Crawling on my elbows and knees across the open ground to the disabled
vehicles, the pebbles shifting under my weight, an amazing scene
coalesced out of the dust. Burton and Vallegis were working on the truck
and Lankowski on the APC. Each had their attention anchored to their
charge, ignoring the bullets cutting up the ground about their feet or
ringing off the armour beside them. Next thing Burton is wiggling under
the support truck as if he was in the shop, his heals sliding in the
grit as he pushed further under.

“Jock, over here by the aft tyres.”

“Aft Reg? We’re not in space now mate.”

“Sorry old habits.”

Snaking forward along the side of the truck I could see Reg bent over a
private, working to staunch the blood from her badly wounded thigh.
Beside her a squad mate was rolled on his side vomiting blood. It was
clear he would not survive until the VTOL’s return. It was my job to
make him as comfortable as possible.

Burton and Vallegis expedited the recovery of the support truck. They
had it going again in under fifteen minutes and rolled her forward to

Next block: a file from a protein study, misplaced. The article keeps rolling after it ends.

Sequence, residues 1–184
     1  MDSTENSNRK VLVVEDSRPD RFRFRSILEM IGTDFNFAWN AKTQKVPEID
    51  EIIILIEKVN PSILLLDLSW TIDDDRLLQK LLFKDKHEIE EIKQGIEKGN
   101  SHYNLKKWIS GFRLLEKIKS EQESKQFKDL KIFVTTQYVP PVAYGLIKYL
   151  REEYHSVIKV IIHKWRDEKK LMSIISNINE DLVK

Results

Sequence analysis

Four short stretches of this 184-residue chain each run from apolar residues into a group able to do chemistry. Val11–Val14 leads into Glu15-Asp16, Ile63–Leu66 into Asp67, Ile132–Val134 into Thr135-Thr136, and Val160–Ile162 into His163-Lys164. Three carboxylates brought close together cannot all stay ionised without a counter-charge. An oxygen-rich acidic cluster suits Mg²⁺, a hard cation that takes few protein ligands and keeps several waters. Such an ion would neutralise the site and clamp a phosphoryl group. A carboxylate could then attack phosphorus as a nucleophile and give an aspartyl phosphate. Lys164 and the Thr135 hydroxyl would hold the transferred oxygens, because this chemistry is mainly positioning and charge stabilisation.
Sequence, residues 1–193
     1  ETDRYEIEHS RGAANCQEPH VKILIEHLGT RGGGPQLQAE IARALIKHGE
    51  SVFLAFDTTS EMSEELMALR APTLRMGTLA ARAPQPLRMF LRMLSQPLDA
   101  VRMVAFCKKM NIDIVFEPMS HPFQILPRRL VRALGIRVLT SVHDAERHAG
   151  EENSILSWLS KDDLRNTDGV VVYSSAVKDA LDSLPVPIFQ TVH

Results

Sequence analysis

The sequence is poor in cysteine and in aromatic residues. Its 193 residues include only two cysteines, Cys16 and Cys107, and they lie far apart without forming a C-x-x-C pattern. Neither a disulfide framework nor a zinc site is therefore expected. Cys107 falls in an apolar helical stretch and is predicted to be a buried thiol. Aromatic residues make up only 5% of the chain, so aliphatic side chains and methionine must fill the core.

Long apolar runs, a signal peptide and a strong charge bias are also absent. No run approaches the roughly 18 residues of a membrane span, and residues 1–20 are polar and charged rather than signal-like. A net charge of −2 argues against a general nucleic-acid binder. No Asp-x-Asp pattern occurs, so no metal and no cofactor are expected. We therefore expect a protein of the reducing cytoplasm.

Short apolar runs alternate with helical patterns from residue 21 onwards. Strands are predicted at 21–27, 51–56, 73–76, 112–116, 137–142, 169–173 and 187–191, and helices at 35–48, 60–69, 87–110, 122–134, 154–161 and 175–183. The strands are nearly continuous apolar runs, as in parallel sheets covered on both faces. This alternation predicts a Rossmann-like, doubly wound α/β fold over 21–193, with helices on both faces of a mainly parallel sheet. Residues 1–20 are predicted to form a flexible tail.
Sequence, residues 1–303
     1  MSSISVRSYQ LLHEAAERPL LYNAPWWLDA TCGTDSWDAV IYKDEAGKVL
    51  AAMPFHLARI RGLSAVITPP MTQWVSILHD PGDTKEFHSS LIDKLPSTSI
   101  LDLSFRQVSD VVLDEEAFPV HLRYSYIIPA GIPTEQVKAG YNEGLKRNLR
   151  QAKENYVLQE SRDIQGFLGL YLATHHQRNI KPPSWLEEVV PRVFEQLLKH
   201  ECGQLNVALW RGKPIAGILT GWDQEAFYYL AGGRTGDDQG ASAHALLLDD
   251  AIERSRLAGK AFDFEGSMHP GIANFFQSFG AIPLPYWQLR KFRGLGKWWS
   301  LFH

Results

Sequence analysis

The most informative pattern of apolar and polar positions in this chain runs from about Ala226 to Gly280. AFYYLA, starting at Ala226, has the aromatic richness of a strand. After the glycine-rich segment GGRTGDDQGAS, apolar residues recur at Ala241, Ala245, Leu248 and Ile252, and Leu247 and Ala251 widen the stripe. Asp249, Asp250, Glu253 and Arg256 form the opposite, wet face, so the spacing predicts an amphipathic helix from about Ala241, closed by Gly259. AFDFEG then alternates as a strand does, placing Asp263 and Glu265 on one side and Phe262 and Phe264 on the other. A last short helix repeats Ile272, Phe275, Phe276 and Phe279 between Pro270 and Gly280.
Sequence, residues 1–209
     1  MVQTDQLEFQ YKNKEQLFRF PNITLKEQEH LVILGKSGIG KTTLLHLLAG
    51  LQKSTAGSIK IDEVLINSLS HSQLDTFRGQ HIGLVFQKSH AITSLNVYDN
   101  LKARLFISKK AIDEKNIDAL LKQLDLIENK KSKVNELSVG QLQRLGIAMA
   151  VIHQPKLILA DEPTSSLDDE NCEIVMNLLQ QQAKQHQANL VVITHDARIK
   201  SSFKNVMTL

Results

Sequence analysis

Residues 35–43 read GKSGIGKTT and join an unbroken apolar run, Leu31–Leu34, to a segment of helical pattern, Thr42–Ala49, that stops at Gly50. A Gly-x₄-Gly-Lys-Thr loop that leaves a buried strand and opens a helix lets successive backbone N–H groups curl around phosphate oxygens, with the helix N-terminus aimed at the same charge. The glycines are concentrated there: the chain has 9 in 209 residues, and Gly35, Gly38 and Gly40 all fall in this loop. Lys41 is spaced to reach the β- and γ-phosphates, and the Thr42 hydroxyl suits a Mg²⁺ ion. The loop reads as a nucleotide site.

rejoin the forward part of the patrol. Lankowski was having less luck
with the APC. Bullets snapped around him as he climbed out the top hatch
and jumped to the ground. He had sorted an electrical break inside, but
the missile strike had thrown a track. That was going to complicate
things enormously. Burton and Vallegis came back to help hook up the
lines and remount the track. Twenty minutes later they were negotiating
the final pin when a bullet hit Burton in the shoulder and he dropped
his crowbar, the fulcrum collapsing and crushing Lankowski’s arm. Five
of us raced in, trying to free his arm. His screaming was piercing. We
were soon sweating from the exertion, the sweat quickly turning into a
clammy chill in the cold Martian air.

WhoooshhhBAMMM. An RPG flew to the left, spraying us with fist-sized
chunks of rock. WhoooshhhBAMMM, another hit to the right. Instinctively